Eat Your Peas! The Best Recipes for Sugar Snaps, Snow Peas, and English Peas

If you take a walk around any given city, you’ll likely come across some form of street food. In New York City, for example, street vendors sell hot dogs and bagels. And in Bangkok, you’ll find traditional Thai options like mango sticky rice. On the corners of Mumbai, there are Indian snacks like vada pav or samosa. And in Athens today, you’ll find traditional souvlaki and loukoumades. But if you traveled all the way back to ancient times, you’d find something a little more simple for sale on the streets of the Greek capital: pea soup.

Jump to the peas

It might seem humble and unassuming, but pea soup was incredibly popular with Ancient Greeks. And that’s because, quite simply, peas were popular in Ancient Greece. In fact, some research suggests Athenians loved cultivating the legume in their own gardens, alongside vegetables like celery, cucumbers, and lettuce.

Jump to the recipes

Today, peas are still a big part of traditional Greek cuisine. Arakas latheros, for example, refers to peas cooked in tomato sauce and is still lovingly served in homes all over the country. But peas aren’t exclusive to Greece. Over the centuries, they have grown in popularity around the world. If you walk into a chip shop in England today, for example, you’ll always find mushy peas on the menu. And in most American freezers, you’ll find a bag of frozen peas at the ready.

Here, we dive into everything pea-related. From the different types available, to the best ways to cook with them, to the very best vegan recipes to add them to. But first, what actually are peas?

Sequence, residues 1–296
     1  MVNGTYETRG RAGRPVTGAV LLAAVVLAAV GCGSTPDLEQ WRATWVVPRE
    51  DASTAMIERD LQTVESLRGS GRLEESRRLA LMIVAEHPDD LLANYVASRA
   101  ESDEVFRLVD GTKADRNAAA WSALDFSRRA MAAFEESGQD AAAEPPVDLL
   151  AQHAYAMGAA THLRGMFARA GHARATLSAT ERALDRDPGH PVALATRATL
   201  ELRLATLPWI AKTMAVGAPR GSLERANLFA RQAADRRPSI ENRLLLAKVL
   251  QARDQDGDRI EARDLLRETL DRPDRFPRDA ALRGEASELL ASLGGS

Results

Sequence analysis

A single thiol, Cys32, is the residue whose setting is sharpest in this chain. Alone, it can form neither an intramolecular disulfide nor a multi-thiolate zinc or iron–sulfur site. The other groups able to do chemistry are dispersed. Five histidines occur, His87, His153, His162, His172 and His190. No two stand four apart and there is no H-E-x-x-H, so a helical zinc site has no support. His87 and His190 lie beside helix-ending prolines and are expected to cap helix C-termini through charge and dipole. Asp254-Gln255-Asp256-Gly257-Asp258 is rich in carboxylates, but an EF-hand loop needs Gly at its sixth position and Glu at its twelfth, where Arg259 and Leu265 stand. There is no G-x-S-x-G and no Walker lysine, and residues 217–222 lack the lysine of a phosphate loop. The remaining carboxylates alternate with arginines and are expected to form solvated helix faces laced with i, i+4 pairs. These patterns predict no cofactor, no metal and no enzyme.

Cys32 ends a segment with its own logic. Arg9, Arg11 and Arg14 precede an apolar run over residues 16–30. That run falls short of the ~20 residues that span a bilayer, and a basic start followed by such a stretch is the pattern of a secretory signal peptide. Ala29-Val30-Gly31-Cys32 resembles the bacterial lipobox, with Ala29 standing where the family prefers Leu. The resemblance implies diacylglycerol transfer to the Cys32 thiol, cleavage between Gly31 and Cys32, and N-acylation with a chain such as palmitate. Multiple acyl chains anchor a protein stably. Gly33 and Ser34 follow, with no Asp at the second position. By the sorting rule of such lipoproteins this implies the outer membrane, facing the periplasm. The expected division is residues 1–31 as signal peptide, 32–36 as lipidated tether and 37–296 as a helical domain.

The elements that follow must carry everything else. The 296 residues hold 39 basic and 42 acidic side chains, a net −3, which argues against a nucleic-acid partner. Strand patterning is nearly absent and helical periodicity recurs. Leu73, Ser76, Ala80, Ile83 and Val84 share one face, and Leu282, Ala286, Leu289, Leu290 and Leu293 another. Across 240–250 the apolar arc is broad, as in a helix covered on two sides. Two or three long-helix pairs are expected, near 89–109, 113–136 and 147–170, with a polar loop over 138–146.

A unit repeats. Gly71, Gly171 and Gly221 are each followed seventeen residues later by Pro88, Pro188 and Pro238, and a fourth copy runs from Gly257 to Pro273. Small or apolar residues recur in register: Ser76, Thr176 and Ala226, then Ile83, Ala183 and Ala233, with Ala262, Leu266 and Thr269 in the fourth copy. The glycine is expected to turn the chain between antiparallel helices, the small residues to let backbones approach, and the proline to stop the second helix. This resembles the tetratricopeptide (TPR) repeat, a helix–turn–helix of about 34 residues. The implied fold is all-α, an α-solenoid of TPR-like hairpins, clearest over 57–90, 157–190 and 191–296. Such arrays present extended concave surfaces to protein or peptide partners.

VegNews.CookingPeasCarrots.TinaDawsonUnsplashTina Dawson/Unsplash

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What are peas?

Peas are eaten as a vegetable (and they count as one of your five per day!), but they’re actually legumes. This is because unlike, say, a cauliflower or a potato that grows in the ground, peas grow in pods on vines. This means that the pod itself is actually a fruit, and the peas are its seeds. They are usually green and can be found in grocery stores in various different formats, including fresh, canned, or frozen.

Pea nutrition

Peas are an incredibly nutritious addition to your diet, as they contain a wealth of nutrients, like fiber, protein, vitamins (including A, K, and C), thiamine, folate, and iron. They’re also a good source of antioxidants and saponins. The latter refers to antibacterial compounds that, according to some research, may help to reduce cholesterol and tackle disease-causing bacteria in the body. 

Different types of peas

There are many different types of peas on the market, but most fall into three main categories: English, snow, and snap. Here’s a little bit more on each variety and what makes them unique. 


1 English peas

English peas (also often called garden peas) are the most common variety of peas, and that’s because they’re usually the type that you’ll find frozen in bags in the grocery store. These types of peas are bright green, sweet to taste, and always shelled (because the pod itself is too tough to eat). If you see spring peas, Lincoln peas, wando peas, and misty shell peas at the grocery store or farmers’ market, these are all common varieties of English peas. 


2 Snow peas